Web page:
Bully for You
Yesterday, I played a minor role in a dustup on Facebook. It began when a fellow journalist posted a controversial quote from a veteran manufacturer known for generating same. The bait proved irresistible, and a long line of audio mavens, myself included, swam around the hook for an hour or so. The manufacturer himself also waded in, and before the fight was over, he'd made a show of demanding the home address of one of his antagonists, thus raising the manly specter of bodily harm. If there were any women in the audience, I'm sure they were impressed.
Perhaps because the manufacturer in question is a retiree of considerably less-than-Hemsworthian stature, the Homeland Security advisory level did not rise above Guarded. But something else emerged, larva-like, from the thread. In one of his salvos, the manufacturer at the center of the dispute made the following observation:
"Anyone who cannot hear [the effect of one of one of his long-ballyhooed tweaks] does not know how to listen. I know I can upset unthinking victims of Crowd Behavior by pointing this out."
This is not the first person who has attempted to fortify his public statements with the suggestion that everyone who disagrees with him is a sheep, a dullard, a victim of "crowd behavior." Fortunes have been made and lost by countless politicians, publicists, andmost of allsalesmen who have used the same tactic. It's simply that history prefers, after a certain amount of time and money have been squandered, to forget the names of people who travel that not-terribly-high road.
But something even more troubling is going on here, and it's called bullying. "If you don't agree with my claims, you don't know how to listen." That's the worst kind of bullshit there is.
We hear it again and again. And because audiophiles tend to be rather sensitive peopleas I pointed out long ago in Listener magazine, anyone who is open to the idea of listening for subtle differences among wires, equipment racks, and turntable power supplies can be assumed to have a skin only slightly thicker than that of the average burn victima lot of us fall for it. We get more than our share of screwings, psychologically and monetarily. And, sadly, there are always a few toadies among our number who happily suck up to the nastiest bullies, out of a psychological need whose obscuring rock I do not care to lift. Happily, those freaks seldom venture far from the tiny fringe websites that offer little more than insults, condescension, and undiluted sciolism.
So let's get it straight once and for all.
Whether or not you believe that three-dimensional soundstaging is the No.1 goal of a high-end audio system, you already know how to listen.
Whether or not you believe that a combination of low-powered amplification and ultra-high-efficiency loudspeakers is necessary to re-create the impact of recorded music, you already know how to listen,
Whether you prefer digital to analog, analog to digital, or don't give a tin tit one way or the other, you already know how to listen.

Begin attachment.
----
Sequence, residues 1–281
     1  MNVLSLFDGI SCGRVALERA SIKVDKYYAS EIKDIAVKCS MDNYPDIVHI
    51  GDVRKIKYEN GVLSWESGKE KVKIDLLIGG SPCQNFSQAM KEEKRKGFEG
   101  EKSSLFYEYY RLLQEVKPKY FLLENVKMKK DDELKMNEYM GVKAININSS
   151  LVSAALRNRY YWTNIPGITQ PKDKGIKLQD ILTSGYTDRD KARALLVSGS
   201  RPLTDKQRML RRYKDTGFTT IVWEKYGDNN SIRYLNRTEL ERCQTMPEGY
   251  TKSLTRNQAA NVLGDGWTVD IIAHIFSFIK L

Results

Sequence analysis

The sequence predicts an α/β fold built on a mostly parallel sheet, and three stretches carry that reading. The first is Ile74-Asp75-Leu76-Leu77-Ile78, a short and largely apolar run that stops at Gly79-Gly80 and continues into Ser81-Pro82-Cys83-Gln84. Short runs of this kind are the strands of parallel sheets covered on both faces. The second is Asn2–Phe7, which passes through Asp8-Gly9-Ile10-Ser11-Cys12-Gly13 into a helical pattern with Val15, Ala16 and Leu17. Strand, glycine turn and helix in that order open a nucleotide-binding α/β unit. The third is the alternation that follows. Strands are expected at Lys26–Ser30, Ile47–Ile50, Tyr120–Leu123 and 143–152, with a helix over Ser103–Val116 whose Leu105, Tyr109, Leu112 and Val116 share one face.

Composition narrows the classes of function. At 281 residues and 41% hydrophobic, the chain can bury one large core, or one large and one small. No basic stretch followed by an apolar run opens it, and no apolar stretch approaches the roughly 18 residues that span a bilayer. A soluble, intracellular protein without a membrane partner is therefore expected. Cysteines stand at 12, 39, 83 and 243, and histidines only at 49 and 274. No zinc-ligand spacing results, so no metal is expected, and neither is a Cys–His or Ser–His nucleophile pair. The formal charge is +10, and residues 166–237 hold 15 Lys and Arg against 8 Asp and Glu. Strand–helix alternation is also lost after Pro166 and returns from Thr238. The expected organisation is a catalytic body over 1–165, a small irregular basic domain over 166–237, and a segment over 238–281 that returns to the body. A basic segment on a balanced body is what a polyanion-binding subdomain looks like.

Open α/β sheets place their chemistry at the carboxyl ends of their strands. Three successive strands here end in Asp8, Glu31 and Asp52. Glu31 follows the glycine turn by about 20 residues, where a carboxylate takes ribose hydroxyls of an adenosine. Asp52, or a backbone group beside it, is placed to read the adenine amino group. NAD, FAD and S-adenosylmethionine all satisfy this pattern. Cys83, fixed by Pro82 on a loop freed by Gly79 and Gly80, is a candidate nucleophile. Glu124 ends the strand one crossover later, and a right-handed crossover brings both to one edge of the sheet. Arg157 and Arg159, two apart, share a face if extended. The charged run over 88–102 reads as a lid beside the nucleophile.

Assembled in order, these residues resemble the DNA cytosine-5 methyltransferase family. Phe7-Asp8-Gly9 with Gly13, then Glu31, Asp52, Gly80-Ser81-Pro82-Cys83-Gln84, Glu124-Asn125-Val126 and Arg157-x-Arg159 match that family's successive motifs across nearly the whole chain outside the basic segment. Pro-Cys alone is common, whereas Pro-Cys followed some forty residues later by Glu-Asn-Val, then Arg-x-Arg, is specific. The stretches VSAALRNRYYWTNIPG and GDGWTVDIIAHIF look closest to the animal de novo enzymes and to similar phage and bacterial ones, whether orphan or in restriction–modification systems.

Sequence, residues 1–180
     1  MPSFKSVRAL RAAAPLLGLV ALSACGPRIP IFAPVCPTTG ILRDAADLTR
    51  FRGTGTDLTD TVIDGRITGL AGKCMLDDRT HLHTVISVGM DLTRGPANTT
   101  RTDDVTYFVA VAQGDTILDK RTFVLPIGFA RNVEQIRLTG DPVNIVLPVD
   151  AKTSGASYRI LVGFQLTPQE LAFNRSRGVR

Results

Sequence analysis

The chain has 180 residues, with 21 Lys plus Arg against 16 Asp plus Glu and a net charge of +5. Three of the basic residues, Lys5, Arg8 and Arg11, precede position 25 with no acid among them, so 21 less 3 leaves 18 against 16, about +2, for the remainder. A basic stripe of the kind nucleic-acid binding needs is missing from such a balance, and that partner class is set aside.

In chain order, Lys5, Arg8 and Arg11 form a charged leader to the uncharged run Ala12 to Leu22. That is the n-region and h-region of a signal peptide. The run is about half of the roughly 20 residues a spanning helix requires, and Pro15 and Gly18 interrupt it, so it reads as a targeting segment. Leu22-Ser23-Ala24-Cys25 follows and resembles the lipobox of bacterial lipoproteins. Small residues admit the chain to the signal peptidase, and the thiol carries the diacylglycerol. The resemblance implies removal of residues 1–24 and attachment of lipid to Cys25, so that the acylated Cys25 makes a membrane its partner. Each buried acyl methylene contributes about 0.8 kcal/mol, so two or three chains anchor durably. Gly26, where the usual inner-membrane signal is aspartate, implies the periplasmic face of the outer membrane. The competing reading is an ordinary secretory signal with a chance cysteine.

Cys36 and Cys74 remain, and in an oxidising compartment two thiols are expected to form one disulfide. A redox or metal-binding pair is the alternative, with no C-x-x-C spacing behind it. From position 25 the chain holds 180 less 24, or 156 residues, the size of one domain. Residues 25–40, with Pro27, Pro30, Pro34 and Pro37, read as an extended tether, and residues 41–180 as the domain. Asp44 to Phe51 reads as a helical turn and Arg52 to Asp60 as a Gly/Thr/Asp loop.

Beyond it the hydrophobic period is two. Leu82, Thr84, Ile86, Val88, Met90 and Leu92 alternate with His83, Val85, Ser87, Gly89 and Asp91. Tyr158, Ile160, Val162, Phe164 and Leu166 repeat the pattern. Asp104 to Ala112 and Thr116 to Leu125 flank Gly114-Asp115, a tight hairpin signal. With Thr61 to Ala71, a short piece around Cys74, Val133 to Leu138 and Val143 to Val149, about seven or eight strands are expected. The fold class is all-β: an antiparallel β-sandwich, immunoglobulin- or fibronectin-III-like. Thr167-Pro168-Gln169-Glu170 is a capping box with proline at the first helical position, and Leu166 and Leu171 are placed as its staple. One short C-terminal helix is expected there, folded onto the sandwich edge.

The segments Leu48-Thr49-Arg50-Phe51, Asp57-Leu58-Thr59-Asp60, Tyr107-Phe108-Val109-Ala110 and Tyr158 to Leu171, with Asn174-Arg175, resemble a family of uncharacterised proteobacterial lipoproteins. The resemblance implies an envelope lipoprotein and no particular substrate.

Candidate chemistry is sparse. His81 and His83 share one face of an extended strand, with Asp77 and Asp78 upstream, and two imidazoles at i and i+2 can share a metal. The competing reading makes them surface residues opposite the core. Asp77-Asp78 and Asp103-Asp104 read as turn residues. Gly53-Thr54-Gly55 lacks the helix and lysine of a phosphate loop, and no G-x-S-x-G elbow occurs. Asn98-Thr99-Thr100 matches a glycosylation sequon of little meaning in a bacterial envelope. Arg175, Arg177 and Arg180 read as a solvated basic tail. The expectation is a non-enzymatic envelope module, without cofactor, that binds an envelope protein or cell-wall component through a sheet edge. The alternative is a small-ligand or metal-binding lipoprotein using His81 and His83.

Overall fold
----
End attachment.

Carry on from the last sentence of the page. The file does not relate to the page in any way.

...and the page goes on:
Whether you put your equipment on a light, rigid table, a massive, lossy table, or something that looks like your mother's chrome-and-glass knickknack shelf, you already know how to listen.
Whether the dealer you most trust has in his listening room two or twenty loudspeakers at a time, you already know how to listen.
Whether you lean toward cheap or expensive gear, old or new gear, cutting-edge or vintage gear, you already know how to listen.
Whether your record collection is mostly classical, mostly rock, mostly jazz, mostly acoustic folk, or mostly sub-Saharan yodeling, you already know how to listen.
In that litany you'll find some things with which I agree, and some others with which I most vehemently disagree. It doesn't matter. I and my most respected colleagues all have strong points of view: That's what the best audio journalism is all about. The thing is, we don't use our strong points of view as weapons. Or as sales tools.
Tellingly, the manufacturer in the Facebook dustup is a staunch critic of audio reviewsexcepting, of course, the small corner of the press, now all but defunct, that once praised his company's products without exception, and presented them as utterly lacking in competition. His beef? He complains that, by distracting consumers with all of our blather, reviewers serve only to make music lovers feel insecure about their ability to listen to, understand, and enjoy music.
Apart from pointing out that opinion's suitability for the file folder labeled "FUNNY: UNINTENTIONAL," I can say only that, yes, there have been, and there remain, people in the press who obfuscate, rather than clarify, in their efforts at self-puffery and self-promotion. They are outnumbered, by a ratio of something like 7 billion to one, by those people in the industry who do the same thing for financial profit.
Learning how to listen to musichow to identify and understand various elements of composition, how to distinguish good playing technique from bad, and so forthis a lifelong journey of considerable value. Beyond that, I believe your needs as an audiophile are better served by trusting your own senses, and by tempering your open mind and your sense of ingenuous wonder with just enough skepticism that you'll know a humbug when you hear one. And the next time someone tells you that you need to learn how to listen, consider that any product whose sales require condescension or belittlement can't be worth the money.Art Dudley